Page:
“What could be wrong with traditionally grown potatoes?” she asked, “Because they are grown under the ground.”
You can’t figure it like that, I explained. Here is what Wikipedia says about the “Chemical Industry.”
In the U.S. there are 170 major chemical companies. They operate internationally with more than 2,800 facilities outside the U.S. and 1,700 foreign subsidiaries. The U.S. chemical output is $750 billion a year. The U.S. industry employs more than a million people in the United States alone. The chemical industry is also the second largest consumer of energy in manufacturing and spends over $5 billion annually on pollution abatement.
It goes like this: There is a newly hired MBA graduate working for a chemical company. His or her job description is to expand the use of their chemical products and they suddenly notice that there is an entire untouched market, like the potato industry. Not only is this person bright, but they have been trained in how to win. They find a way, brilliant, of course, to prove that the use of their product, at a cost of say, two cents per pound, brings a return of 2.5 cents per pound.
The executive, plus his or her boss, fly from Chicago, wearing the finest suits and ties, to a po-dunk village, Idaho.
They then go to the bank, which holds the note on the potato farmer’s land. This young MBA executive, plus his boss, venture to the bank, explaining together with slides and graphs, that their chemical company plans to sell their profit-boosting chemical to the entire region. Any farmer not using their chemical will be losing profits, and competitive edge, and therefore, in risk of default. Plus, the chemical company makes a donation to the banker’s vacation plans for the year, maybe a tropical cruise, that sort of thing. They then visit the other bank down the street.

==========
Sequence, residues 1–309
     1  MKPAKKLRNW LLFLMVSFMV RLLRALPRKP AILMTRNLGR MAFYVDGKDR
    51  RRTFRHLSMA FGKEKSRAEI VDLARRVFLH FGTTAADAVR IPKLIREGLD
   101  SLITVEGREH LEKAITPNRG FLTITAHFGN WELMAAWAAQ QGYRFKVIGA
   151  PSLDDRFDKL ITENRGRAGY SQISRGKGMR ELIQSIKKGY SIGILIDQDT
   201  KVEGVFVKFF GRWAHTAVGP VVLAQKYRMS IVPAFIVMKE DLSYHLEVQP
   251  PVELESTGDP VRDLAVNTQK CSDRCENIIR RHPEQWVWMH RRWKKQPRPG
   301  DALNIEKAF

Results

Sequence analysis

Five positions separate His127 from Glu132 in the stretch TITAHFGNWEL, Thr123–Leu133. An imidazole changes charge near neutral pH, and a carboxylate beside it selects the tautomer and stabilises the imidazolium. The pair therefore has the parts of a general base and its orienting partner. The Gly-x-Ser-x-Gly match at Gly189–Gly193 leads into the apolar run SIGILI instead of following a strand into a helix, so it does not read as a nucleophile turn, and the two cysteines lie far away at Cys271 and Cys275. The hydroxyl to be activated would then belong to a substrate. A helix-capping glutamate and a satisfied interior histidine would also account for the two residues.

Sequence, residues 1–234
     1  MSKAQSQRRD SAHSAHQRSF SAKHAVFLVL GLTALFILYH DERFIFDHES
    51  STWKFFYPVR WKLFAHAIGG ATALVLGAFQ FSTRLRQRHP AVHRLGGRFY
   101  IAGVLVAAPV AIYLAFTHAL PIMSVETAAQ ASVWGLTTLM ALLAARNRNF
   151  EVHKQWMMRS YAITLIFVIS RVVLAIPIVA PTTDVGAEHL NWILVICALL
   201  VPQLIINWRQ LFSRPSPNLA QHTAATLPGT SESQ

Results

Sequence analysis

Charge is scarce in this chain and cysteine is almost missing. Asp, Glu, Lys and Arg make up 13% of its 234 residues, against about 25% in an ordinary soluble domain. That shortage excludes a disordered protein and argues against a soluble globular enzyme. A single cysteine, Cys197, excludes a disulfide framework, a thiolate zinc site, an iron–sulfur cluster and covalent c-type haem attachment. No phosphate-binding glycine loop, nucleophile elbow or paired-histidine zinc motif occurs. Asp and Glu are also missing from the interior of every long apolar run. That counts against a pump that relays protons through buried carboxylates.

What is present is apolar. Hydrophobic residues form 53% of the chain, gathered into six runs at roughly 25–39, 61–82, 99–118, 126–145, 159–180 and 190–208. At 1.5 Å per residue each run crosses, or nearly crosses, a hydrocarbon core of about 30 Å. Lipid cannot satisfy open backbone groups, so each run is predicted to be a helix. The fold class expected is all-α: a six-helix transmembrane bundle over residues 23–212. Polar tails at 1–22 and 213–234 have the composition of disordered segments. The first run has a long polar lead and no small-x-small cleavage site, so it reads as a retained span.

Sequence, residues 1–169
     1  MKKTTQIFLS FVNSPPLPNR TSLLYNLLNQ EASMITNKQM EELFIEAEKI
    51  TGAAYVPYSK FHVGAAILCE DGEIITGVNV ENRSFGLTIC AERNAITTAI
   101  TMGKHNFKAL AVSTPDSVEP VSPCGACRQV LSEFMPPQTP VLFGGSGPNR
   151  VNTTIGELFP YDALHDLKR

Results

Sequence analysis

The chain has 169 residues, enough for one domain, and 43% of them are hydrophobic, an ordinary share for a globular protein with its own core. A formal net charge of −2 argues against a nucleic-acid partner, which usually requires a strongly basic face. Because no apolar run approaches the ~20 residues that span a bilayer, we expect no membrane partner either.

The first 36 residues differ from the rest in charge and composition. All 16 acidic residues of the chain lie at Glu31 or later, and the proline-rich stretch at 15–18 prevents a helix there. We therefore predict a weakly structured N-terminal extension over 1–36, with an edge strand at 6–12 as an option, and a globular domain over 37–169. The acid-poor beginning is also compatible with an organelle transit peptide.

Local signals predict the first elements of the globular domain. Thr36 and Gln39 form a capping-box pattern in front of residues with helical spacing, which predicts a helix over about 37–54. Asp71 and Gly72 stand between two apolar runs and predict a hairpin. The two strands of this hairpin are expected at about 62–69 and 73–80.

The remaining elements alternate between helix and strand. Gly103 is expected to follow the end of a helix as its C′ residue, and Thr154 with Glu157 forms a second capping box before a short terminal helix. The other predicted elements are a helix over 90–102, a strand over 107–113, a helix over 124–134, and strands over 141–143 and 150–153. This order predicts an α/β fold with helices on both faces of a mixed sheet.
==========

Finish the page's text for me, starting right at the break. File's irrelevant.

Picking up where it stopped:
Now the potato farmer receives a visit from the banker, who is bearing brochures from the chemical company. The farmer is told that the bank is quite excited about this advancement in profitability. Not much training is provided, but all good!
So far, very little investment has been made to procure FDA safety approval, for the head of the FDA is a former lobbyist for the Monsanto chemical company. Paperwork of course was filed at the FDA, provided by a lab research firm, guaranteeing whatever-results which are requested by the manufacturer of the chemical, which pays for those lab results. These kinds of “pay-for” labs are accepted within the system, with a wink. I didn’t say it; many books have already covered the topic in detail.
A wink here, a wink there, now the new crop of potatoes is on the shelves at the local grocer. Plus, this has happened 37 more times, according to www.whatsonmyfood.org. Now, the FDA does not require clinical studies showing pesticide INTERACTIONS within the human body when consumed. No, testing is on a per chemical basis. So, a potato on the shelf with five pesticides, combine within the human body at the liver, all together, mixing and brooding. These include (individually identified) as probable carcinogens, hormone disruptors, neurotoxins, and reproductive toxins. And that’s just PESTICIDES.
Deep fry all that chemical residue residing under the potato’s skin and what do you get? God doesn’t even know. If we check growth in the rate of breast cancer in the U.S., we find it graphs radically upwards, similarly like the growth in chemical product patents, during the past fifty years. Add pharmaceutical drugs Americans take (about five on average), also mixing daily within the liver, and the liver grows quite exhausted, unable to perform as many as 1,500 daily metabolic processes. Add vaccinations, formerly about three or four, now up to fifteen or twenty, all due to MBA graduates who excel at their jobs, and not much else. Plus, add a little factory-farmed chicken, with toxic potato skins added into their feed, plus chemicals in their feed, and a diet Coke.
Another MBA graduate works for a chemical company which helps potatoes grow larger or faster at two cents per pound, with an added profit of three cents per pound. Another chemical company sells a chemical-wash which reduces potato spoilage in transit for three cents per pound, saving six cents per pound in waste. Now, the Idaho banker’s phone is ringing off the hook and he’s not there because he is on vacation. S.
|7||—||Known or Probable Carcinogens4|
|12||—||Suspected Hormone Disruptors|
|6||—||Developmental or Reproductive Toxins|
Note: Pictured above is not a potato bug, but a newly hired MBA graduate working for one of the 170 major chemical companies.